By Devin Vodicka
Go to just about any school or district website and there will be a claim about preparing students to be “college and career ready.”
According to Inside Higher Education, the most recent pre-pandemic data from the Department of Education’s Integrated Postsecondary Education Data System indicates that 37% of college students in the US took at least one online class in fall 2019. That number jumped to over 50% in the early stages of the pandemic.
McKinsey surveyed more than 25,000 working adults in Spring 2022 and found that a staggering 58% of Americans work at least one day per week from home and 35% now have the option to work from home full-time. According to their research, “What makes these numbers particularly notable is that respondents work in all kinds of jobs, in every part of the country and sector of the economy, including traditionally labeled ‘blue collar’ jobs that might be expected to demand on-site labor as well as ‘white collar’ professions.”
Unfortunately the shift to more flexible, hybrid models in both college and career is happening at the same time as our education system is reverting back to a rigid, seat-time based system that was designed for a different era. While there are legitimate reasons to provide in-person K-12 schooling, our factory-model of teaching and learning still relies very much on an approach in which we tell students what to do, when to do it, and how to do it. When they leave high school, our students are now very likely to enter into college or career situations where they will be largely unsupervised. Accountability will come in the form of productivity and performance.
There is an urgent need for us to reconsider what it means to ensure that learners are prepared for college and career. How might we better prepare students for flexibility? If self-management is required, how might we create experiences that promote self-directed learning?
How might we shift away from seat-time-driven credits into performance-based demonstrations of learning? Are there developmentally appropriate ways to reimagine use of time and space?
The good news is that there are emerging models of learner-centered education that embrace a broader view of success for students. These systems tend to have locally-developed, contextualized learner profiles that map to whole-learner competencies. They are finding ways to use student-led conferences and learning exhibitions to make the process and outcomes visible while promoting student ownership.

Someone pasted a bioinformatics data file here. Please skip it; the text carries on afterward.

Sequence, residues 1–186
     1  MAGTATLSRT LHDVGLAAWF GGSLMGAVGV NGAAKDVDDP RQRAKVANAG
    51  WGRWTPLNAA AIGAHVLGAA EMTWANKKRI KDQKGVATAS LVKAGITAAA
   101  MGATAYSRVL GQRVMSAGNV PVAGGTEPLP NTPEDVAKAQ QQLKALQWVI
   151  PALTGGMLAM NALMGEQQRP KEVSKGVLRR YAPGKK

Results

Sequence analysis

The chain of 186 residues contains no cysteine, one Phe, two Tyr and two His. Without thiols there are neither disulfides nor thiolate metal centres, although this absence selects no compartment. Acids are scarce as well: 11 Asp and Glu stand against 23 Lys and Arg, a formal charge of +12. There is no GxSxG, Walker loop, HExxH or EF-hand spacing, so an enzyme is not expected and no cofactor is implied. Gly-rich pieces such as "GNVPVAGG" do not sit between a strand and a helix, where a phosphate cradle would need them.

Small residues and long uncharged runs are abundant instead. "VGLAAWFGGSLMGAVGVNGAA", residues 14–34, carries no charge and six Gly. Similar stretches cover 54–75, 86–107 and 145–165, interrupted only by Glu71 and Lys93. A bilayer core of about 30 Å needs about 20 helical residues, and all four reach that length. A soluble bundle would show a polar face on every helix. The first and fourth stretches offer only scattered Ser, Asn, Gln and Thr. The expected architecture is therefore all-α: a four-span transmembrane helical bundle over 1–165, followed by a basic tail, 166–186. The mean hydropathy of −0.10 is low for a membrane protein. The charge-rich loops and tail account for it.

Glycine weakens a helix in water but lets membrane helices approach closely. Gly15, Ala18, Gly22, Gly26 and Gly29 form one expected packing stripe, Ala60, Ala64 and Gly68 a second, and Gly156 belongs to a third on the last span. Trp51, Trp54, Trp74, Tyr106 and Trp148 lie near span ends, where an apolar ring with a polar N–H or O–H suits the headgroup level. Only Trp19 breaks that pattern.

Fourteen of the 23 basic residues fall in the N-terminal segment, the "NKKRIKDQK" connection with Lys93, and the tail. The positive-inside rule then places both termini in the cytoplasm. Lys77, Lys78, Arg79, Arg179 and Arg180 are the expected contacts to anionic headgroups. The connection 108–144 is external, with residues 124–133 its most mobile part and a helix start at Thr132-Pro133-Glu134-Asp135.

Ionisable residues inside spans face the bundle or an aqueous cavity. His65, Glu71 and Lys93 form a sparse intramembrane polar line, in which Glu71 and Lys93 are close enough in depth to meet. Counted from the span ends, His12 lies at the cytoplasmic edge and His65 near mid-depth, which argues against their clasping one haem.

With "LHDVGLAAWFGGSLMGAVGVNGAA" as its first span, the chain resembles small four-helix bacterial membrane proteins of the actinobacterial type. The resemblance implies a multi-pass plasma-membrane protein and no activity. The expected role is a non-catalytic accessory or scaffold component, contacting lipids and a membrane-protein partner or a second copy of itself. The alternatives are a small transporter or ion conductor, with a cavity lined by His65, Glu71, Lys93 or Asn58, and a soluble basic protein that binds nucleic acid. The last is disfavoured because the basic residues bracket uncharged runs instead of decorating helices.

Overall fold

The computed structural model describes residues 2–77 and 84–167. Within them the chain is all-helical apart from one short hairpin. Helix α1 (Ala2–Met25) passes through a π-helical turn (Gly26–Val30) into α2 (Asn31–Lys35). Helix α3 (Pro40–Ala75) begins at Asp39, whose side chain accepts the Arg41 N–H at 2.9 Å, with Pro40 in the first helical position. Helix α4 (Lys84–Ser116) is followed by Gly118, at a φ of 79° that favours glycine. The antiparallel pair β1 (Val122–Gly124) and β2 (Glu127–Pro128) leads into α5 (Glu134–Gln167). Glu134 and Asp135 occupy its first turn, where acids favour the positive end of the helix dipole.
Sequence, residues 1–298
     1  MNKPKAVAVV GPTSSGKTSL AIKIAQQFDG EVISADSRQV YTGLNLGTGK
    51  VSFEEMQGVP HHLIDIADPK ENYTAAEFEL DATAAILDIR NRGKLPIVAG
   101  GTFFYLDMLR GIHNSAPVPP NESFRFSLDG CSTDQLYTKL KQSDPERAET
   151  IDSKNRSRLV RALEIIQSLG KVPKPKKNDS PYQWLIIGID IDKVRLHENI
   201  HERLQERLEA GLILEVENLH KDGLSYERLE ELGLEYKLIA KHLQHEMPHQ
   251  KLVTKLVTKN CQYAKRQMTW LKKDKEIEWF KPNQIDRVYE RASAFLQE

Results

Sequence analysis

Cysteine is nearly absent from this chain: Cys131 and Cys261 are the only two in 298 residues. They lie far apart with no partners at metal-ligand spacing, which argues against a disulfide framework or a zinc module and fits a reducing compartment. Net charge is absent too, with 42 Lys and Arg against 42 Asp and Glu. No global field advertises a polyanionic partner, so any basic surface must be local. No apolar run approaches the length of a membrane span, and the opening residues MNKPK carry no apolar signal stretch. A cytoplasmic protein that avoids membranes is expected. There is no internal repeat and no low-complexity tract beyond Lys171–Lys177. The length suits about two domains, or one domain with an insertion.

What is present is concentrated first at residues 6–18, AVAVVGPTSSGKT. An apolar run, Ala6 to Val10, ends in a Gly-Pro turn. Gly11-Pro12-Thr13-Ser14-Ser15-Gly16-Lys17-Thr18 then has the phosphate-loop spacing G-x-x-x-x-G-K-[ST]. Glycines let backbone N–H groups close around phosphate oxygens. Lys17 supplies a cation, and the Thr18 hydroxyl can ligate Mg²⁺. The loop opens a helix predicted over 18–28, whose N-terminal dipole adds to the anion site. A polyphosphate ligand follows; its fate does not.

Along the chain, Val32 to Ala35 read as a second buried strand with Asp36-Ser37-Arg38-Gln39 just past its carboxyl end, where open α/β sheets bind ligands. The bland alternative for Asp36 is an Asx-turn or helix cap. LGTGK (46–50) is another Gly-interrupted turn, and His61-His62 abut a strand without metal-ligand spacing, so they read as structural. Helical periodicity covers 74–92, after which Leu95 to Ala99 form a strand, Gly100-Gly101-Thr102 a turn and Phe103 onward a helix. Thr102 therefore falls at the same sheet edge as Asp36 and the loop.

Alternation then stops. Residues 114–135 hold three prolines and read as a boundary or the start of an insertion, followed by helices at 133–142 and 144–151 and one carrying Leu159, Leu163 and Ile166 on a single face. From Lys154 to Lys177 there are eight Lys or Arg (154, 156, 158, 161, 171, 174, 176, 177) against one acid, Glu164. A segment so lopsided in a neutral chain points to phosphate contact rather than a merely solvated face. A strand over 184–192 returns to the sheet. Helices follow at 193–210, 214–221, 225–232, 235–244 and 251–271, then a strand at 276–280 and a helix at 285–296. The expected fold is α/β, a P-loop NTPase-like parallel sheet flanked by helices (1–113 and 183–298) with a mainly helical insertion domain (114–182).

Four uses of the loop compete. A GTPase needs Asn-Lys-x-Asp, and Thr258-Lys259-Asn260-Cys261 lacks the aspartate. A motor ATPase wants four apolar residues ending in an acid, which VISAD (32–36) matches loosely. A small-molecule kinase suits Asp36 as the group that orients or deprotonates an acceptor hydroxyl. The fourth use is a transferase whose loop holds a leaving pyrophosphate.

I am also encouraged to see an increase in creative schedules that are promoting self-directed learning in schools across the country.
Chandler’s School in Logan County (Kentucky) has a Friday 4th grade schedule that includes “Self-Direction/Mentoring” time as well as flexible rotations and time at the end of the day for “Accountability.”
At Juab Junior High School (Utah), they have “Targeted Friday” where students create their own schedules for the day based on their learning goals.
Circulos High School in Santa Ana Unified School District (California) offers a “community week” where students nominate courses and then vote on their favorites. This allows the school to engage in areas of student interest, including current events such as the Ukrainian Invasion and real-world topics that include personal finance.
The McKinsey study on the rapid changes in the world of work includes a reminder that flexible employment will have ripple effects that require deeper analysis:
“Flexible work’s implications for employees and employers—as well as for real estate, transit, and technology, to name a few sectors—are vast and nuanced and demand contemplation.”Americans are embracing flexible work—and they want more of it
It is clear that there are implications for education as well. Let’s rethink college and career readiness in a hybrid world.
Check out the book Learner-Centered Leadership: A Blueprint for Transformational Change in learning Communities for more insights, reflections, and suggestions.
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